Monthly Archives: November 2012
A brisk minus-2C when I went out the door this morning at a half past four, with a big creamy moon floating high in the sky and a sharp tang of incipient frost in the air. It hadn’t formed yet though – that was something I was privileged to watch take place over the next two and a bit hours as I rode across the marshes to Pevensey and back, and another of the many surprises and pleasures that come with being out and about so early. Usually frost is a magic you just wake up to.
On my outbound ride there was only cold damp air, and a fine sheen just starting to form on the windscreens of cars and silvering the tips of the grasses along the roadside. By the time I had rolled up to the ruins of Pevensey castle the air felt much crisper and sharper, my toes were cold in my cycling shoes (note to self: time to dig out the thermal socks) and I was feeling inspired to put on a bit of extra pace.
As I rode back towards home along the same cold dark little lane over which I had just come I noticed that the grass which had been an uninteresting silvery brown in the glare of my headlamps on the way over to Pevensey had in the meantime developed a beautiful coating of frost, which grew thicker by the minute. It was a pleasure to watch this little miracle unfold – one well worth the price of getting cold toes. I would love to have been able to capture on ‘film’ the early morning delight of riding down an English country lane with the frost thickening on the grasses and leaf tips along the roadside, but I couldn’t think of a way to light it properly and do it justice, and certainly not to capture the kaleidoscopic wonder of seeing it thicken as you pedal along. Perhaps more frost will bring more inspiration. What I did do was give the new camera another try out along the seafront back in Hastings, where I enjoyed greater solitude that I had the other day. It is short acquaintance yet but I am liking very much the Canon G1X’s increased resolution and larger, more sophisticated sensor – perhaps there will be a way to catch Jack Frost yet.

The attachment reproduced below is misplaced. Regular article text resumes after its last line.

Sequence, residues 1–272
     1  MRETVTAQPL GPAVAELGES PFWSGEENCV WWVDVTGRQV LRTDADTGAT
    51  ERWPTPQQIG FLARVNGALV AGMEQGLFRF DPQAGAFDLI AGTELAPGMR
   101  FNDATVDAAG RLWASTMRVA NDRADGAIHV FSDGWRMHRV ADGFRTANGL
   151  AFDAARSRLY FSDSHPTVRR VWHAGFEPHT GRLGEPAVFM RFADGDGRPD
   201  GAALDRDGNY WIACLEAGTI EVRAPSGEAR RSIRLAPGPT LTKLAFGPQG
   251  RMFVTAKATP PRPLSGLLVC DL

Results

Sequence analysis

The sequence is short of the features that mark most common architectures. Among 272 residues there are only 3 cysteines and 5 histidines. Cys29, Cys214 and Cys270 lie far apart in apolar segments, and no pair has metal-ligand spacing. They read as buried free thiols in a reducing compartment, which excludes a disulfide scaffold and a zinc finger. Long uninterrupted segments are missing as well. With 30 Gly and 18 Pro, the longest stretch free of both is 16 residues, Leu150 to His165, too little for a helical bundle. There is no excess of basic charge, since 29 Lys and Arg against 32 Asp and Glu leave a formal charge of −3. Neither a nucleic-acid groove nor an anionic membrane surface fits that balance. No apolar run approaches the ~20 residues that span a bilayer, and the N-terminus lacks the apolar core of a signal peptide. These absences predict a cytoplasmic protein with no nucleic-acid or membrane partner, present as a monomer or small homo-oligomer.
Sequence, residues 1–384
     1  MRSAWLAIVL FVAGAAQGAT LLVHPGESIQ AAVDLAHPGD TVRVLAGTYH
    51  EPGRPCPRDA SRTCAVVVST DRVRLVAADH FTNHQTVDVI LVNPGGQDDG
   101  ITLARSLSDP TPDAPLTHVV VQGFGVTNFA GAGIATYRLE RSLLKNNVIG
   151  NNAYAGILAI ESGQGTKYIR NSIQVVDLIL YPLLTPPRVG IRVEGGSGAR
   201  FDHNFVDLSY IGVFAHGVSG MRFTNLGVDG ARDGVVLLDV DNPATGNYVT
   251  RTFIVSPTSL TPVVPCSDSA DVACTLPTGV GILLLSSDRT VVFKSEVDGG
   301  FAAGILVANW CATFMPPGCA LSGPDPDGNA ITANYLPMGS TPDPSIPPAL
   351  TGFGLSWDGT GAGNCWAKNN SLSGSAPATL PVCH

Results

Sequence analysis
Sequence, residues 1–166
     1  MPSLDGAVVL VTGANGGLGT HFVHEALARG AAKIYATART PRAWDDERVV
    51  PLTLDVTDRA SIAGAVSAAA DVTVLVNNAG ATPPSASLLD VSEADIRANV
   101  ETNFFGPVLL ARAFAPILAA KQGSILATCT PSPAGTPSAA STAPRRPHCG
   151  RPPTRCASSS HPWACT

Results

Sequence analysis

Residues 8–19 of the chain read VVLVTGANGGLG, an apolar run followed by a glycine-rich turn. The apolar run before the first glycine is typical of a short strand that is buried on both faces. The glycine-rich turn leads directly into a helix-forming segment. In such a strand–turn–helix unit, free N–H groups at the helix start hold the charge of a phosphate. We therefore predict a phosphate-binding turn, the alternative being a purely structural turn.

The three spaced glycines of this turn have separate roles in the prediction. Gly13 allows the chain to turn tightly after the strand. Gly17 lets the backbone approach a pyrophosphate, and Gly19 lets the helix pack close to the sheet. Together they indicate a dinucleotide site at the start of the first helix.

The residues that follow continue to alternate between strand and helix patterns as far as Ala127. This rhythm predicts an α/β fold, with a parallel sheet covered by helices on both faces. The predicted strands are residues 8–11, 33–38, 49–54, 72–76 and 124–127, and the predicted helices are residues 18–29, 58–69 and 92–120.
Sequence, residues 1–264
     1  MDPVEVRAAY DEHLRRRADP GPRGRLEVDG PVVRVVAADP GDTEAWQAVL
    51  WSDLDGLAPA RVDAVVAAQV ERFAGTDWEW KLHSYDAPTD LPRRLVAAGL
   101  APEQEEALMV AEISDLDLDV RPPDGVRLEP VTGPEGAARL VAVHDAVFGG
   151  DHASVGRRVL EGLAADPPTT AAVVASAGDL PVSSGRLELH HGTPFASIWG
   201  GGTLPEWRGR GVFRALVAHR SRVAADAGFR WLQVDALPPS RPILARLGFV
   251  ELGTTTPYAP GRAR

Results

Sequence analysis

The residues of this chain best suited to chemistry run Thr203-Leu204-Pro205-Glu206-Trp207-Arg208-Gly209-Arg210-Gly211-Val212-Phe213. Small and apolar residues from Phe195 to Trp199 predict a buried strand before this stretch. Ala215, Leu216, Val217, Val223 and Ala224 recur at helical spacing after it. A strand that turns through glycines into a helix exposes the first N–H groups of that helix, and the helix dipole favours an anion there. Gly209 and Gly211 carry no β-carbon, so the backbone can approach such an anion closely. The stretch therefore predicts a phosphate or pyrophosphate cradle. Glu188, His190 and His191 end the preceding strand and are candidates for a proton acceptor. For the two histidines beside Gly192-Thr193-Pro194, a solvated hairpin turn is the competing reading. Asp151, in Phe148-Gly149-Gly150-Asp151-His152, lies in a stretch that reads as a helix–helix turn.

Maybe it’s the phase of the moon, but geez, they were all out this morning – the idlers, the loiterers, the hoodies hanging around deserted bus shelters or lighting cigarettes in doorways, parodies of themselves, really, but nevertheless just the crowd you really don’t want to attract when you are contemplating setting up some elaborate self-timer photography with expensive gear all by your lonesome on a deserted seafront at 5:30am.
Everywhere I went along the Hastings promenade this morning I seemed to be attracting all the wrong kind of interest from all the wrong kinds of people. Every time I would pull over at a likely scene, dismount and start to set up my tripod, out they would come, as if by magic, drifting out of the deep shadows in nearby doorways or bus shelters, murmuring among themselves and sidling over in my direction, seemingly with no purpose and yet with eyes seemingly very much focussed on my bike and my interesting camera gear. And so, with equally studied nonchalance, and before they could draw too near, I would sigh and pack up my dollies and pedal on.
It was particularly frustrating because I was trying to test out a new camera – a Canon G1X which I actually bought last August but for a variety of reasons mainly concerning the limitations of my older model computer and my earlier version of Lightroom hadn’t yet put it into service on the blog. Now that I am all up to date with the latest versions of software I’m kind of keen to put the new camera to the test, especially since it’s large new sensor is said to be brilliant in low light conditions.
I did get this one shot taken, before a young lad emerged out of nowhere – startling me – from the dense shadows of the bus shelter up ahead and to the right, shuffling along towards me with his hood up concealing his face and in a mumbling tone wanting to know if I had a match, any cigarettes, knew what time it was, the usual amiable get-to-know-you chatter to put one at ease on a deserted seafront.
By then I had detached my camera and put it safely in its case, and stood holding a substantial looking Manfrotto tripod – the aluminium version, not the carbon one – and hefting it in a such a way as (hopefully) to suggest an awareness on my part that tripods didn’t necessarily have to be used to support cameras, but could be considered to have other uses as well. I seemed to have communicated this thought, along with the news that I had no matches, no cigarettes and didn’t know the time. He shrugged and drifted on, once or twice looking back over his shoulder.
Perhaps I am doing him an injustice. Perhaps he was just strolling, looking for a match and wanted to know the time so he wouldn’t be late for work, but lots of early morning cycling through the Hastings town centre has taught me to play my hunches – and so I have kept my expensive new camera to give it a more thorough try out another day.